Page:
Tag Archives: pollens

How to Stop a Cold: The Nip-it Trick

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The flowers are extra, of course, but you might be able to enjoy them again if you have respiratory allergies.

The secret to never having another cold is to do this simple procedure as soon as you notice the first symptom.

You can be prepared by putting together a little “nip-it kit” in advance. No medications are needed. You will only need the following supplies:

One 3 oz. bottle
One fluid ounce of vodka (80 proof=40% alcohol)
Two ounces of filtered or distilled water
One plastic snack or sandwich bag
A dozen or so short cotton swabs

Fill the little bottle with the two liquids and put it in the plastic bag with a supply of Q-tips or other brand of swabs. This can be stored in a medicine cabinet, make-up drawer, glove box, purse, desk, gym bag or anywhere handy when needed.

Your first symptom of a cold might be sneezing, repeatedly clearing your throat or the sudden onset of sniffles. Take action immediately. Moisten a swab, gently run it up one nostril and sniff to coat the upper nostril and possibly get a hint of it in the back of the throat. There will not be enough liquid to allow inhaling it into the lungs. Then treat the other nostril.  Within minutes the symptoms will disappear.

Why not make extra kits for family and friends? You could mix a half-pint (one cup) of vodka with two cups of water and fill eight bottles. You could get creative and add a small drop of peppermint oil to the larger recipe to add a little scent and flavor.

Never substitute rubbing alcohol because it is made from propane.

A child-proof cap should be used, of course, if you have children.

The Nip-it Trick is also effective if you have respiratory allergies due to smoke, pollens or scents.  It can stop the reaction before you get congestion or a headache.

Enjoy!

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A new way to think about respiratory allergies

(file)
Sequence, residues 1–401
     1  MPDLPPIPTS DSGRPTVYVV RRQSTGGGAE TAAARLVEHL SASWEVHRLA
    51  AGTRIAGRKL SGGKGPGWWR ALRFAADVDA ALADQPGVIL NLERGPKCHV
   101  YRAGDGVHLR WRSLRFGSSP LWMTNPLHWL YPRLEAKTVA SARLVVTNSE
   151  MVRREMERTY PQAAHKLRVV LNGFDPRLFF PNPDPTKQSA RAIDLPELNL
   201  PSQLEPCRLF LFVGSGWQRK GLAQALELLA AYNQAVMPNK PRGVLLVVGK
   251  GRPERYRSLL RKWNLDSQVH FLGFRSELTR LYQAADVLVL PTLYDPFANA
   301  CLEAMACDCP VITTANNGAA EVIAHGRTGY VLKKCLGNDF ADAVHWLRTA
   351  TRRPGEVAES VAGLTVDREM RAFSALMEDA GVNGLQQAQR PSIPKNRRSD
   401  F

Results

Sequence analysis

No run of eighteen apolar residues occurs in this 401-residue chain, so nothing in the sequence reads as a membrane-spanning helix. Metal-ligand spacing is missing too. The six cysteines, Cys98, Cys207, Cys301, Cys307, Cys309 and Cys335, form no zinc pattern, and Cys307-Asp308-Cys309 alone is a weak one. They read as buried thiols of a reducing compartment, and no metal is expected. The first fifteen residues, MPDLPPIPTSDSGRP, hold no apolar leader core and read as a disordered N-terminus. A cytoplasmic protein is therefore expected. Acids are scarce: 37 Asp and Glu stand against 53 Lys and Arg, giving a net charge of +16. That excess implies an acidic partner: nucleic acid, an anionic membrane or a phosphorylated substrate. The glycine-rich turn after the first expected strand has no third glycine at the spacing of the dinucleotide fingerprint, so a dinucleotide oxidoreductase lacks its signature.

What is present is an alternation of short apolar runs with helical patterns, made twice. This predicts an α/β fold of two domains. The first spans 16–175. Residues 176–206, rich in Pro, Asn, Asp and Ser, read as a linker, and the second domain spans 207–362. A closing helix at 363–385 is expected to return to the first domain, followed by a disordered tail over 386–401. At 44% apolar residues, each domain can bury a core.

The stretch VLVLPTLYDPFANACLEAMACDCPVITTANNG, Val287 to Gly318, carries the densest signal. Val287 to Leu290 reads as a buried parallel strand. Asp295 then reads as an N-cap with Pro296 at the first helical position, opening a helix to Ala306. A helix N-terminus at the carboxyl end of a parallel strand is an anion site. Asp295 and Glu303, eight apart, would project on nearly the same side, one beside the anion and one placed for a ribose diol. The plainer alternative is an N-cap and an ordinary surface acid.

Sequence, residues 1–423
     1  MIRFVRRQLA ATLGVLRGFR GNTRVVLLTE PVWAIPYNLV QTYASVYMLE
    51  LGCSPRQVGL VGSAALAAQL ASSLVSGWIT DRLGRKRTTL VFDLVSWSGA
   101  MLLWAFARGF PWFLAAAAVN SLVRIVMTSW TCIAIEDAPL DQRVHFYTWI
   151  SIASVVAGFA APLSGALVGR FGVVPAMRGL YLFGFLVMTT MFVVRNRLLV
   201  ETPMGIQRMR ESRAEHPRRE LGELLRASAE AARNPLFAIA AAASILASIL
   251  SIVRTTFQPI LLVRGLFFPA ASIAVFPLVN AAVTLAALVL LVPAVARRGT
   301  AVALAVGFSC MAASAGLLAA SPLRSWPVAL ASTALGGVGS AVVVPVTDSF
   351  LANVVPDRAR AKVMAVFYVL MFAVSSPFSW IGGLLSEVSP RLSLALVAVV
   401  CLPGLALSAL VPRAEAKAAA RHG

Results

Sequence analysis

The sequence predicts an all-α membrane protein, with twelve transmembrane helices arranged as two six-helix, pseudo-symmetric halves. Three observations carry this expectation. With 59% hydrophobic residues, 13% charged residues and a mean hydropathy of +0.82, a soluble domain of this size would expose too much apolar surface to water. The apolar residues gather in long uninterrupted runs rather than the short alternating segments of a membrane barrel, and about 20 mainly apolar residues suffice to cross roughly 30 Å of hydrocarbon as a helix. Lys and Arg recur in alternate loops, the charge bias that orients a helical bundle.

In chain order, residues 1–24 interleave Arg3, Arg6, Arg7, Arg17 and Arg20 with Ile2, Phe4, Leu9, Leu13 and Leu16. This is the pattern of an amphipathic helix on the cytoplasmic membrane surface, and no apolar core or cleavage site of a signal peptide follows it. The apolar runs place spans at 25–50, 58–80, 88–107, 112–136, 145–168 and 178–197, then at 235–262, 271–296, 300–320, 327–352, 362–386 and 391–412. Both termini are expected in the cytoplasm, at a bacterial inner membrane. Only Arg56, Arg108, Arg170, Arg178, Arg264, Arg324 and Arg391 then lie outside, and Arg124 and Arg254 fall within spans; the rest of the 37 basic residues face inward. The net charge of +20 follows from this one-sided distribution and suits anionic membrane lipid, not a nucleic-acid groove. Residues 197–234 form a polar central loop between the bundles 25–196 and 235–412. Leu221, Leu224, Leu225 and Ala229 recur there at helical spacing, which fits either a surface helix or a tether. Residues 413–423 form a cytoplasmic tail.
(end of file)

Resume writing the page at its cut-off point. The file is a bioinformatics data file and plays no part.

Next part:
My expertise on the subject of allergies comes from over fifty years of putting up with reactions to smoke of all kinds, dust, perfume (no matter how expensive), musty paper (no matter how interesting) and many pollens which shall remain unidentified.  I experienced headaches, nausea, congestion, sinusitis, chronic cough, sneezing, earache, various secondary infections, and feeling under the weather for a good chunk of my life.

I tried various over-the-counter and prescription medications, to no avail. They are more likely to cause liver damage than to cure an allergy.  Why use a whole-body treatment for a very small, localized problem?

Secondary infections would usually result in the use of antibiotics, which are now known to affect the balance of thousands of species of microbes which inhabit our bodies–more of which are beneficial than bad.

The remaining professional advice was usually about avoiding the irritants—never mind that pollens can travel hundreds of miles and exposure to most of the other culprits was often beyond my control.

Now I know it was all for no good reason.  No one is really allergic to any of those substances!  Some human bodies just think they are. How unfortunate.

One day in November of 2004, I read an article written by a chemist, explaining how to avoid the common cold.  He said his very inexpensive method would stop the histamine reaction caused by cold viruses.  Just stopping the reaction and preventing congestion would make the cold go away.  It turned out that his technique is also effective against the excessive histamine reactions of the body caused by false alarms about harmless irritants.

The rest is history.  I can honestly say I have not had a cold, a headache or any repercussions from allergies since that time.  If I notice that my nose doesn’t like something, I can help it relax and go about its ordinary business.  No more fake allergic reactions are permitted.

Yes, I know.  If something sounds too good to be true, it probably is–or is that an old wives tale in this instance?

I have no experience with food intolerance, extreme reactions to insect stings or contact allergies that can cause severe inflammatory responses. But if you share fake allergies to substances which are not really harmful, I recommend that you investigate this further.